On January 27, 2016, Canada’s Minister of Environment and Climate Change and Minister of Natural Resources released their interim plans that are the first step in updating the environmental review process to be followed for major pipeline projects. The approach required under these interim plans will include consideration of the direct and upstream greenhouse gas emissions associated with the project. It is expected that this updated approach will increase the time required for review of projects currently under review.

The previous Federal Government made significant alterations to the federal environmental assessment process with the enactment of the Canadian Environmental Assessment Act, 2012 (CEAA, 2012). The CEAA, 2012 restricts the type of projects subject to a federal environmental assessment, stipulates timeframes for completing assessments and permits the Federal Government to delegate an environmental assessment to another jurisdiction or substitute the process of another jurisdiction to help avoid duplication of environmental assessments for both Federal and Provincial Governments. As indicated in the recent Speech from the Throne, the newly elected Federal Government is undertaking a review of the CEAA, 2012 and plans to introduce a new environmental assessment process.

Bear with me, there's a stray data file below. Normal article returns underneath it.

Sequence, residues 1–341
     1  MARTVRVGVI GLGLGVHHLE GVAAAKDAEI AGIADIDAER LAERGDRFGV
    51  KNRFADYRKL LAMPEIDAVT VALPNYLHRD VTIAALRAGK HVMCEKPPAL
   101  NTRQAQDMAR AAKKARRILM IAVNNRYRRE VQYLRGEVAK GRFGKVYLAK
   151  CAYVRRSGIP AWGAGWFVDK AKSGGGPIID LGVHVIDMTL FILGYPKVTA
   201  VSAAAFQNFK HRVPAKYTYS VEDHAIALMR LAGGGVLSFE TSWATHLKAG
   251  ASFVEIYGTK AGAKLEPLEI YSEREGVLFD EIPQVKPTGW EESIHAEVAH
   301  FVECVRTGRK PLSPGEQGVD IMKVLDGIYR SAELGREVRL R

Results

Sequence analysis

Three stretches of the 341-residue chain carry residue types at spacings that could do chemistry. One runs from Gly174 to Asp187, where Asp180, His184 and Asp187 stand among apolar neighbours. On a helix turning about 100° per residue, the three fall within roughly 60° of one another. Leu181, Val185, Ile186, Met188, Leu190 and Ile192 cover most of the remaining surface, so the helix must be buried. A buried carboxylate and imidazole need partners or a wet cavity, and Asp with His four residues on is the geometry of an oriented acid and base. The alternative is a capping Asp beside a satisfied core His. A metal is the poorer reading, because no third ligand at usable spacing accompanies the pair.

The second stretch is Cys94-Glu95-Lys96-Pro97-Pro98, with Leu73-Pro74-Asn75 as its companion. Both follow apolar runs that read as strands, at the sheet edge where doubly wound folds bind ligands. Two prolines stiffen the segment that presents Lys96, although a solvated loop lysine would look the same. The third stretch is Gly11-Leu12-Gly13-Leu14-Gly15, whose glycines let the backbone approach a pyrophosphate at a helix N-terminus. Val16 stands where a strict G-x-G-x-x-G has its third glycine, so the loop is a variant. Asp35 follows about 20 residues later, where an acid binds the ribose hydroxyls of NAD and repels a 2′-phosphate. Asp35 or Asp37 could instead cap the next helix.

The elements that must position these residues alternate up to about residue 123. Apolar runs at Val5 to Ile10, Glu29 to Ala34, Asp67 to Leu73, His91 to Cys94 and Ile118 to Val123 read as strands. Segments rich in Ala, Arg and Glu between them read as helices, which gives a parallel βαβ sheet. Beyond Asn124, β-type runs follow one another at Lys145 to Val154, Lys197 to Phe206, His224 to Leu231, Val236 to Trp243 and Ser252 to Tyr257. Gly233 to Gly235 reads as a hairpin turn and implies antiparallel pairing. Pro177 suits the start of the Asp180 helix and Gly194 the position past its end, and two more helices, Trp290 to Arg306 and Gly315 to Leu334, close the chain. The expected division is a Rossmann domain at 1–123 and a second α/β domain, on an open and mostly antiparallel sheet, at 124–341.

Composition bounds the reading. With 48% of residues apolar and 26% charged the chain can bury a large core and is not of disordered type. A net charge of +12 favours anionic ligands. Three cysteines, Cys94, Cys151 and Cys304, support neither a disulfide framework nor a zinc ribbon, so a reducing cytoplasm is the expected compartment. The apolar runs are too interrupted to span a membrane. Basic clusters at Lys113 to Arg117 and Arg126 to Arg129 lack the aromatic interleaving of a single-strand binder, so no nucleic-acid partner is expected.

The January 27, 2016 announcement describes the interim approach that the Government will require for the review of major projects currently under environmental review. The Government has indicated that it will be guided by the following five principles when it reviews any major projects during this interim period:

  1. No project proponent will be asked to return to the starting line — project reviews will continue within the current legislative framework and in accordance with treaty provisions, under the auspices of relevant responsible authorities and Northern regulatory boards;
  2. Decisions will be based on science, traditional knowledge of Indigenous peoples and other relevant evidence;
  3. The views of the public and affected communities will be sought and considered;
  4. Indigenous peoples will be meaningfully consulted and, where appropriate, impacts on their rights and interests will be accommodated; and
  5. Direct and upstream greenhouse gas emissions linked to the projects under review will be assessed.

These interim changes will impact two major projects currently under review by the National Energy Board (NEB) — Kinder Morgan’s Trans Mountain Expansion Project and Trans Canada’s Energy East Pipeline. For these projects, additional information and evidence to address/satisfy the above principles will be required in order to ensure timely decisions. According to a recent press release, there will be “deeper consultation” with indigenous peoples potentially affected by the projects and an assessment of the greenhouse gas emissions associated with each project. As a result, the time for review of the Trans Mountain project is extended by three months and the time for review of the Energy East project is extended by nine months.